This Government has established the New Zealand Infrastructure Commission. The Commission’s role is to take a longer-term view of our infrastructure needs that improves the wellbeing of New Zealanders. This includes producing a 30-year infrastructure strategy and helping agencies pursue more innovative approaches to the development and funding of major infrastructure projects.

Earlier this month, Infrastructure Minister Shane Jones welcomed the first of many updated project pipelines from the Commission. The first release of the pipeline by Treasury included a small number of capital intensive central Government agencies and had a combined worth of $6.1 billion. The latest update has an estimated value of $21.1 billion across more sectors which gives industry greater certainty to plan for upcoming projects. It means businesses will know what staffing levels they should be planning for, they will be able to better plan capital investment and they will have more information when considering potential business expansion.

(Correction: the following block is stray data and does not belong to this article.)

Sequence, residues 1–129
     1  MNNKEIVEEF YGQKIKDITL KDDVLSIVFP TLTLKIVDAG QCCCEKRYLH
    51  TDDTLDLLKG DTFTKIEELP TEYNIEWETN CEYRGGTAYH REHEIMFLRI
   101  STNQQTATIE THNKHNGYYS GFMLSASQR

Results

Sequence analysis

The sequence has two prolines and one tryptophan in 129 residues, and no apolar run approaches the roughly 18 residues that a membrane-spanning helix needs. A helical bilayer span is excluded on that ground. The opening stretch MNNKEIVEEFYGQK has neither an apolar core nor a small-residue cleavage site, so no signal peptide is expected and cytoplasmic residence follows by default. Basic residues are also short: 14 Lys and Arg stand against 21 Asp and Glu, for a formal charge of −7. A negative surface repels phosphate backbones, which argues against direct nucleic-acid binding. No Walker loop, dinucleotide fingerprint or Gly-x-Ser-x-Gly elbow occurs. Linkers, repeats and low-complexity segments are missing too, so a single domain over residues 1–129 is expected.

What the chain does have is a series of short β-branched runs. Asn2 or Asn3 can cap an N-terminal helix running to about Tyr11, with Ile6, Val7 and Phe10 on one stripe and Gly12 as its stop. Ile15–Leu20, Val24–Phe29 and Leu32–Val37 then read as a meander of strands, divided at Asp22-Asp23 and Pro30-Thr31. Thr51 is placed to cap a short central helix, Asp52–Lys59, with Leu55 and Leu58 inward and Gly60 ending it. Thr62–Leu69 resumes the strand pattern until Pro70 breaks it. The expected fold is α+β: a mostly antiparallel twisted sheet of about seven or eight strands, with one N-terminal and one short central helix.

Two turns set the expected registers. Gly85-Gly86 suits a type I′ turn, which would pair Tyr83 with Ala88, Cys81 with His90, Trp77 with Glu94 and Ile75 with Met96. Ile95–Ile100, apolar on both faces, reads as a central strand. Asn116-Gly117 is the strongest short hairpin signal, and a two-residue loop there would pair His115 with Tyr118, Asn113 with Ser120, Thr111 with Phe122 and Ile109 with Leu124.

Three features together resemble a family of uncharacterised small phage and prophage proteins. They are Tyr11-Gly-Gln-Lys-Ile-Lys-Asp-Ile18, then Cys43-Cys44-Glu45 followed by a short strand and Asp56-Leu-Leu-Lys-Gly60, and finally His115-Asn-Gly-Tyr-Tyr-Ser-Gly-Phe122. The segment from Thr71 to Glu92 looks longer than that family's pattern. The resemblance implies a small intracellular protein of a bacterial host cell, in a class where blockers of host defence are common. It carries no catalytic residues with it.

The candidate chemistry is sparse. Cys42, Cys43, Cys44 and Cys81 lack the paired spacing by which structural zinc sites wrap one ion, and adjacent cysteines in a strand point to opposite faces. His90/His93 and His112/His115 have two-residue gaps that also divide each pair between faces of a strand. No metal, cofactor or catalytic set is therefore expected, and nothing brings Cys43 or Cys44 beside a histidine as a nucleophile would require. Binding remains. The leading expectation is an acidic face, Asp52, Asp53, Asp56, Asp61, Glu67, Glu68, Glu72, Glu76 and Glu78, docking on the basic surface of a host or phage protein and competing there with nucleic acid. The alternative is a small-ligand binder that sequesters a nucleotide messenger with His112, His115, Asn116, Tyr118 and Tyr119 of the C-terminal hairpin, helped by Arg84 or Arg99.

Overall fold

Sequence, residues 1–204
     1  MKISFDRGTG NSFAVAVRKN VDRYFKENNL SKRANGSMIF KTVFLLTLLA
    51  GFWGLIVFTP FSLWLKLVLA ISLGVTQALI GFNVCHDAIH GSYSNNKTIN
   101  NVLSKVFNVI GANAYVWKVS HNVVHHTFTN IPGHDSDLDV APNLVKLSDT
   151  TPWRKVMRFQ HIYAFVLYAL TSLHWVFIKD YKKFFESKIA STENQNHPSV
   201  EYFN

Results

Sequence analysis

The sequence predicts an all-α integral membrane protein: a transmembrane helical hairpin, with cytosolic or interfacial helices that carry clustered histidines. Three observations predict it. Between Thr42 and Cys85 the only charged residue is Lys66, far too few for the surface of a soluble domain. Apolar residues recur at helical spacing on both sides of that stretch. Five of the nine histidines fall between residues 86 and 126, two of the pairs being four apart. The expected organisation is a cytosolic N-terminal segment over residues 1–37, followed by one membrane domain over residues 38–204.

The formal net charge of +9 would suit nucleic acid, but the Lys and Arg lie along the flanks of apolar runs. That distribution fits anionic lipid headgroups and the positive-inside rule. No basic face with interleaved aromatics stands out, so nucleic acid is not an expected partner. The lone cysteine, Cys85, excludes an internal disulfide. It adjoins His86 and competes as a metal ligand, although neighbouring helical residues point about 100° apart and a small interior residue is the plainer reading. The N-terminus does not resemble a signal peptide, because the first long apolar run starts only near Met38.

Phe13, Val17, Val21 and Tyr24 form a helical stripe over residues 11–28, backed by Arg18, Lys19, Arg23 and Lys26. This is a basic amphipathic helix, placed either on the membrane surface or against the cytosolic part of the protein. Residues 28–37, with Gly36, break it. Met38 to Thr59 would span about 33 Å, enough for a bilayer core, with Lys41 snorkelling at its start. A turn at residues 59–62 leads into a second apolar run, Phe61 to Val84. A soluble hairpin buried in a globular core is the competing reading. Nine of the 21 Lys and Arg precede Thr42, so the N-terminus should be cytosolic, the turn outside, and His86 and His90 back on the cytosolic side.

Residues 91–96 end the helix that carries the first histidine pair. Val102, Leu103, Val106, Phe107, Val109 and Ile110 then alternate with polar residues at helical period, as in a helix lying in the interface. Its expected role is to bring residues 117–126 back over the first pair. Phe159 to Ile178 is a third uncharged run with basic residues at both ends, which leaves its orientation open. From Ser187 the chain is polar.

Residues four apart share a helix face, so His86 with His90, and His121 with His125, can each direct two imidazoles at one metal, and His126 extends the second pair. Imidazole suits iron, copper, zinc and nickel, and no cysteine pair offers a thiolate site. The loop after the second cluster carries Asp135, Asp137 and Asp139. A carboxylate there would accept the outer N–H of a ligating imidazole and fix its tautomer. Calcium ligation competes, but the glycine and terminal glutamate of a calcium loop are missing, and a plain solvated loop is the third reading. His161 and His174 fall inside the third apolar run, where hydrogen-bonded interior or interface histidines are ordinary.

Ultimately, this should all be sending two really strong signals. That we are planning for the future and that now is the time to invest. New Zealand is doing well and there are enormous opportunities if we act now. The best thing for the NZ economy at the moment is optimism, planning and investment action. We’re doing some pretty heavy lifting to shore that up in terms of spending and infrastructure investment, the RBNZ is doing its bit with record low interest rates – the private sector needs to ensure it’s on board too.

In fact, one of my staff members asked an economist earlier this week to sum up the economy in one sentence and was told – “it’s ready for lift-off”.  I could not agree more.